Crystal Dynamics breathes life into an aging video game starlet so that she may live to kill again. And again. And Again. by Mike Chasselwaite

April 14, 2006 - Tomb Raider: Legend is the definitive sequel/prequel/quadquel to the Tomb Raider series. It's hard to imagine where it can go from here. The problem facing the glut of sequels from the original game, which debuted some 10 years ago, was that this was a hard act to follow. Some games just say everything that they have to say within a sequel or two - if they are lucky. Some developers continue to milk their cash cow until it yields nothing but dry powder - in the case of the Tomb Raider sequels, enough powder to create a desert.

The developers of Legend, have done their collective homework and produced a Tomb Raider game that might not have been possible three or four years ago thanks to new technologies. They are hoping that enough water has passed to cleanse the bad taste left in peoples' mouths by The Angel of Darkness. This version follows the same formula as the original, it just does it so much better. I just hope that we don't see another army of unimaginative sequels based on this version because it really doesn't cover any new ground.

This version has obviously been inspired by the movies that featured Angelina Jolie as Lara Croft. You will note that the Lara Croft character has assimilated some of Jolie's physical traits, most notably her shadowy eyes and luscious lips. We won't mention the other "attributes."

The cutscenes are truly cinematic with excellent writing and good voiceovers. The story features flashbacks to a time when Lara was a young and innocent girl. While on a plane with her mother, a sudden crash landing put them in the middle of a jungle filled with strange objects and markings. After activating an artifact, Lara's mother disappeared into a mysterious void. This event marked the beginning the Lara's crusade and eventual transformation into the Tomb Raider.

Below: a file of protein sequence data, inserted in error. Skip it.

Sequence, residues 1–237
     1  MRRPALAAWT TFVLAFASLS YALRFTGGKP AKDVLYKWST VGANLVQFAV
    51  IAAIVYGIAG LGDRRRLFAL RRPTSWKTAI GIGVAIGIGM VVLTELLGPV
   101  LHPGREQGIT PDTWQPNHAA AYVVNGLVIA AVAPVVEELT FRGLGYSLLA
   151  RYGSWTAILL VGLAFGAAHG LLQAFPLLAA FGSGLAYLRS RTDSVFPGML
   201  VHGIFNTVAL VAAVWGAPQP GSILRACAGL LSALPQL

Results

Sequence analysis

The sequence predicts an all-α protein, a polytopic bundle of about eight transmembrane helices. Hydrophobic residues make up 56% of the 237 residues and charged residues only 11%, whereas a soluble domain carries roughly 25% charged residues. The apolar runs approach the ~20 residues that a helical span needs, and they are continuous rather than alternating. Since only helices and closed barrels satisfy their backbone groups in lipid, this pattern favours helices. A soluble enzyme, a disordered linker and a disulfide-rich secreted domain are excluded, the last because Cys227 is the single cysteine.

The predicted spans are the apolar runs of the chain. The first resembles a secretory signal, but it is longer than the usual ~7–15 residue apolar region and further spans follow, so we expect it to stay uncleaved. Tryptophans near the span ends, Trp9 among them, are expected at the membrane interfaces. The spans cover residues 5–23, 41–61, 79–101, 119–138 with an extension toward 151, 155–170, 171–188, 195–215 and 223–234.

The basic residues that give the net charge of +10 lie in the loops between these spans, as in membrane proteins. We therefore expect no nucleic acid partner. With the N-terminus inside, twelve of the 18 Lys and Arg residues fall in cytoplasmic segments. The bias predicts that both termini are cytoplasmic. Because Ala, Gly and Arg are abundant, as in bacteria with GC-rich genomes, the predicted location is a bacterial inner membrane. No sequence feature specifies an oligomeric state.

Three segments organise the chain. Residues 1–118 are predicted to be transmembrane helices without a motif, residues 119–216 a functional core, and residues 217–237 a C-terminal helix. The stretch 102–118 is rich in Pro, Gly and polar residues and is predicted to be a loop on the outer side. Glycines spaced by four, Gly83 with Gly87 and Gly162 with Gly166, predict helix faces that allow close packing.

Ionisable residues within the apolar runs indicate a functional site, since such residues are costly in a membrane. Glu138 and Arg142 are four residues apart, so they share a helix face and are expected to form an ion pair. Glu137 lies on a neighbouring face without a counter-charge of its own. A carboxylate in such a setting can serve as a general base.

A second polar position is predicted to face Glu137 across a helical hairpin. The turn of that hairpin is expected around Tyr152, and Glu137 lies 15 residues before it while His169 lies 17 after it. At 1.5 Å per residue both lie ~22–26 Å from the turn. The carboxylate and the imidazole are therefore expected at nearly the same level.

Lara handles like a dream. She's got lots of moves and couldn't be much easier to control. She is responsive and has more freedom than ever before. Whether it's combat, acrobatic skills, vehicle operating or puzzle solving, you will feel in total control. The menus are easy to navigate and the interface is designed so that you're never more than one button away from a command.

Moves include climbing, jumping, swimming, sprinting, jumping, punching, kicking, sliding, shooting, throwing and shimmying. Jumps can be small or long. You no longer have to worry about loading the jumps with three steps. While perched on a ledge or when climbing a wall, she can do a somersault and back flip and land directly behind an enemy. This is especially useful to avoid getting hit by the enemy. You can take them by surprise and attack them where they are more vulnerable as they may have armor or shields to prevent frontal attacks.

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System: PS2, X, PC, X360, PSP
Dev: Crystal Dynamics
Pub: Eidos
Release: Apr 2006
Players: 1
Review by Mike